Demand for Healthcare Support occupations – including Home Health & Personal Care Aides, Nursing Assistants, and Medical Assistants – remained high with more than 17,000 vacancies, while there were almost 14,000 openings for Healthcare Practitioners & Technical occupations, including Registered Nurses, Licensed Practical Nurses, and Medical & Clinical Laboratory Technologists and Technicians.

Other occupational groups that saw significant demand and notable increases in vacancies over the year include Transportation & Material Moving, Office & Administrative Support, Building & Grounds Cleaning & Maintenance, and Management occupations. Vacancies more than tripled over the year for three occupational groups: Arts, Design, Entertainment, Sports, & Media; Production, and Business & Financial Operations occupations.

The dollar amount of median wage offers was up 4.3% from one year ago, showing that employers are raising wages to attract workers. While wage offers jumped the most in some of the highest paying vacancies, wage offers also increased faster than average for lower-paying occupations including a 20.5% increase for Building & Grounds Cleaning & Maintenance workers, a 14.3% increase for Transportation & Material Moving workers, an 11% increase for Farming, Fishing, & Forestry workers, and a 7.2% increase for Food Prep & Serving Related workers, though the latter is still the lowest paying occupational group overall.

The following were other findings of the study:

• Thirty-two percent of vacancies are for part-time employment. Part-time is defined as fewer than 35 hours a week.

• Eleven percent are for temporary or seasonal work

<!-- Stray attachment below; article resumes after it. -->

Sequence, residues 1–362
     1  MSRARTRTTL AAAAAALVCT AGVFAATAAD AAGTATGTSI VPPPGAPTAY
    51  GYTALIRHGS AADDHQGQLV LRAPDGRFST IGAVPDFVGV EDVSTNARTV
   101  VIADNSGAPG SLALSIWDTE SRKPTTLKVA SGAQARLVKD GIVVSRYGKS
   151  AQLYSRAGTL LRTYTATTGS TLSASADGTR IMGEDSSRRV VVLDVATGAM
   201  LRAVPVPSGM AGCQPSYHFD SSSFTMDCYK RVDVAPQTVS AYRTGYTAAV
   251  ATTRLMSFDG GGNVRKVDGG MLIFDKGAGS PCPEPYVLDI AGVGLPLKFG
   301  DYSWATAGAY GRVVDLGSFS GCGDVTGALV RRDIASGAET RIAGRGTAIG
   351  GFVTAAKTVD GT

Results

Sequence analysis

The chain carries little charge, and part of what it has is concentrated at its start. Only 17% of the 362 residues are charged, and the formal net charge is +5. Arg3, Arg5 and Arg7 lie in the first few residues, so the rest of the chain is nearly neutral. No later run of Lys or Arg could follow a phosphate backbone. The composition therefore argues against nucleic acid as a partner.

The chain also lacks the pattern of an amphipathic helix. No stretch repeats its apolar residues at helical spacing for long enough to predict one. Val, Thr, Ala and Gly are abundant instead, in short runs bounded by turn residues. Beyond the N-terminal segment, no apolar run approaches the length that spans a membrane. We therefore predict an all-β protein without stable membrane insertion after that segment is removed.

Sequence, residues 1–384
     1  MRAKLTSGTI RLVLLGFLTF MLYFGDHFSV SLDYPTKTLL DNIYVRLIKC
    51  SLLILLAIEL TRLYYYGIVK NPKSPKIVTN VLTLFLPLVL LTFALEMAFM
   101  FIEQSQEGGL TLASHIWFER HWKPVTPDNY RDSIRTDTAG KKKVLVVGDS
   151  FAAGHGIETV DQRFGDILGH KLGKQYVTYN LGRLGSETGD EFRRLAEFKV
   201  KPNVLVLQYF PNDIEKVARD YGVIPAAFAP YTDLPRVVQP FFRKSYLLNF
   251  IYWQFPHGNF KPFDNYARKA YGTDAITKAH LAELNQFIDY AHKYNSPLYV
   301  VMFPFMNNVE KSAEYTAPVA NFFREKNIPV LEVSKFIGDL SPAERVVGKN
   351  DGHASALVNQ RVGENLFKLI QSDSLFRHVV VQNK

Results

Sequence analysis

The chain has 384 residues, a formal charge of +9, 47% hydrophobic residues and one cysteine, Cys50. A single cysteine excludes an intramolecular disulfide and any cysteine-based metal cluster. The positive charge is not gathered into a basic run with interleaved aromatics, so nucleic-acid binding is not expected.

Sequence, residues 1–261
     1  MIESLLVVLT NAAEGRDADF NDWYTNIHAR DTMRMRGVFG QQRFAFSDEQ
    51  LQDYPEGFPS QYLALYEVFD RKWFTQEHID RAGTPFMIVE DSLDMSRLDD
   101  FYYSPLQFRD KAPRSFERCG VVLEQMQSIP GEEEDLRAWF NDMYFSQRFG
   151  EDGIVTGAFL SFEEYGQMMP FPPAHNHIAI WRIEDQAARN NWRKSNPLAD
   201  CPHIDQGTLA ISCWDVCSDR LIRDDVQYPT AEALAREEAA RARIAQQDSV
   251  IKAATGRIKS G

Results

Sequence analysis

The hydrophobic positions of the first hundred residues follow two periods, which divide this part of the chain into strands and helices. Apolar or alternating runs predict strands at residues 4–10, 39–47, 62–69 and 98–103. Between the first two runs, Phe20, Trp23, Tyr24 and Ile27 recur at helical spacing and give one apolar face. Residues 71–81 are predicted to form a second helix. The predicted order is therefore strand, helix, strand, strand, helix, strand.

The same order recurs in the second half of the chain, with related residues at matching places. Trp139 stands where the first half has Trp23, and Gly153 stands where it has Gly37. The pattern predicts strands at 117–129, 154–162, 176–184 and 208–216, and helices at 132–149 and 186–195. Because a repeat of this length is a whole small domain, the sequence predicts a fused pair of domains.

• Thirty-two percent require some level of post-secondary education or training beyond a high school diploma or equivalent. This means the majority of vacancies require no education beyond high school.

• Fifty percent require one or more years of work experience.

• Fifty-six percent of vacancies offer health insurance. Health care benefits are far less common for part-time job vacancies than full-time job vacancies, and are also less common at small- and medium-sized firms than at large firms.

Visit the DEED website for more details on the second quarter 2021 Job Vacancy Survey.

DEED conducts the Job Vacancy Survey in the second and fourth quarters each year to gauge hiring demand and to determine job vacancy characteristics by industry, occupation and firm size in Minnesota.

DEED is the state’s principal economic development agency, promoting business recruitment, expansion and retention, workforce development, international trade and community development. For more details about the agency and its services, visit the DEED website, the website, or follow us on Twitter.